Rose Hamilton Elementary and Richmond High School are both recovering from water damage caused by burst pipes over winter break.

Richmond Community Schools officials initially said RHS students would return to in-person instruction after a week of repairs, but additional moisture testing revealed that the school needed more time to dry out. Students will continue to attend live classes online until Jan. 30.

About 90,000 gallons of water leaked from RHS’ second floor math wing to the science and technology areas along the main hallway on the first floor.

Assistant Superintendent Dawn Sonsini is pleased that student attendance rates are comparable to those for in-person instruction. Teachers have been collaborating and adapting well.

On Jan. 12, the RHS Career Center, which was unaffected by water damage, opened as a fifth location offering students WiFi and space to work. It joins the existing Boys & Girls Clubs of Wayne County and Morrisson-Reeves Library study areas. Students are to use Door 37 to enter. RHS’ cafeteria also began serving breakfast (8:30-9 a.m.) and lunch (11:15 a.m.-noon or 1:30-2:15 p.m.).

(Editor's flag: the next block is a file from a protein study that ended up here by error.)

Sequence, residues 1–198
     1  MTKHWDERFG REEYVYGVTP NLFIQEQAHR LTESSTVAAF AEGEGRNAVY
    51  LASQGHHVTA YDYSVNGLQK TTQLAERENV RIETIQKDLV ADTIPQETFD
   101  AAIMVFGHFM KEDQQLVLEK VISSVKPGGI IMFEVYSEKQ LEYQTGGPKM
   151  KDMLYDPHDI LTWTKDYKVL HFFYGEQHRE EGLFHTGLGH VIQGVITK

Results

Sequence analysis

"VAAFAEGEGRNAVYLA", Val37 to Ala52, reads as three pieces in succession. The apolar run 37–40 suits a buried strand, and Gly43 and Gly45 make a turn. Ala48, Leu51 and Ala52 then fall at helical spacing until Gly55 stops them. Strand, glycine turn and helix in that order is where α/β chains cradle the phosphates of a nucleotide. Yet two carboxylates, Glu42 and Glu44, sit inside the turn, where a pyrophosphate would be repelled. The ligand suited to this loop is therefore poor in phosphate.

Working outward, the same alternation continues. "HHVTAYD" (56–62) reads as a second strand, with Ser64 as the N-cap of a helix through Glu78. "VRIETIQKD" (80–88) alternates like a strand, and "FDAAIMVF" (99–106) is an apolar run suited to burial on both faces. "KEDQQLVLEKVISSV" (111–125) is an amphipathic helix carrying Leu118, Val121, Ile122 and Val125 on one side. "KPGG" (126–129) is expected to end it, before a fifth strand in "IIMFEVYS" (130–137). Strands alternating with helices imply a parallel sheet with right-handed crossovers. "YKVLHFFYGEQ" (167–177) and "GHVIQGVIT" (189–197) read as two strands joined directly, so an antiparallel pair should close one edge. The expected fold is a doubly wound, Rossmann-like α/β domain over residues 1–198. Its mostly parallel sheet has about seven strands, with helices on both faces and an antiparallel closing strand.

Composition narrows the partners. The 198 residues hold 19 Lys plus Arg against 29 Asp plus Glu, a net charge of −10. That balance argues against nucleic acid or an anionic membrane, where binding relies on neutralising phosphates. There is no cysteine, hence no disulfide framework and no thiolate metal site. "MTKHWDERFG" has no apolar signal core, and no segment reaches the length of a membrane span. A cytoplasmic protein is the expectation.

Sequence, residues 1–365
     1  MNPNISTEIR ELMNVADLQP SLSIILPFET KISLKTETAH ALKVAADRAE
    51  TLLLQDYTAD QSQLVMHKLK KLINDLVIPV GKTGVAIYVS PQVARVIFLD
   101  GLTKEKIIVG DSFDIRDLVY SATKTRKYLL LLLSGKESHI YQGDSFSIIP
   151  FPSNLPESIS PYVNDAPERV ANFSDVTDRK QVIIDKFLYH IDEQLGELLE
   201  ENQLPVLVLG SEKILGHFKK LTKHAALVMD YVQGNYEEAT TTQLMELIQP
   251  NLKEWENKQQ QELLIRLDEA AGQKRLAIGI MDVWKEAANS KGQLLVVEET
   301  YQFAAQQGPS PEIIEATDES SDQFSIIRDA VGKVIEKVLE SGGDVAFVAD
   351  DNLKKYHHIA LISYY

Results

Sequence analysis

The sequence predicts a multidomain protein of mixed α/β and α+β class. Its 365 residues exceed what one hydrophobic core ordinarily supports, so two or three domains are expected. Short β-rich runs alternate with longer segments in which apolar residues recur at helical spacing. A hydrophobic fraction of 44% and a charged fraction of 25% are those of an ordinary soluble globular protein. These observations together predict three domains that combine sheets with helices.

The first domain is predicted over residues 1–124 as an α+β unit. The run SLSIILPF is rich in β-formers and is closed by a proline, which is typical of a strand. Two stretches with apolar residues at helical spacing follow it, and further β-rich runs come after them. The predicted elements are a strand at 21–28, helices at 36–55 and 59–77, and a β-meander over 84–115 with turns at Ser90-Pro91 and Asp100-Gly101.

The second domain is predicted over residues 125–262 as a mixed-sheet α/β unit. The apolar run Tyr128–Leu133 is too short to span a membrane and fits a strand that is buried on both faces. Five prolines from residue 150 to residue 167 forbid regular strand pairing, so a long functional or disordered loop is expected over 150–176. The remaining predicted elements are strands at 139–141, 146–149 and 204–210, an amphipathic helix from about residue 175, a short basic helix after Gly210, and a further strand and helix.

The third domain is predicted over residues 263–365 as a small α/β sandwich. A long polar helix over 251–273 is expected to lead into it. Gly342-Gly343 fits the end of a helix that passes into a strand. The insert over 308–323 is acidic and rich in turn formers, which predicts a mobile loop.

Although Centerville-Abington Community Schools reopened Rose Hamilton Elementary for in-person learning, some ceiling insulation needs to be replaced.

Water pools in an RHS hallway. Supplied

Superintendent Mike McCoy said he couldn’t praise the district’s maintenance team enough because they quickly discovered and minimized the damage.

Because of the extreme cold, Travis Tollett had been monitoring building temperatures on his phone on Christmas Day. He noticed a decrease at Rose Hamilton. Tollett discovered a boiler pipe had burst. Water flooded the second grade hallway and entered some classrooms.

Tollett notified district officials. Rick Stapleton, Yancy Sons, Chris Wisener, Avery McCoy, Assistant Superintendent Sean Stevenson and McCoy spent several hours on Christmas afternoon and evening cleaning up water.

The next day, five more water pipes burst after warming up, prompting more hours of cleanup. The water flooded five rooms and four hallways, Stevenson said.

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Millicent Martin Emery is a reporter and editor for the Western Wayne News.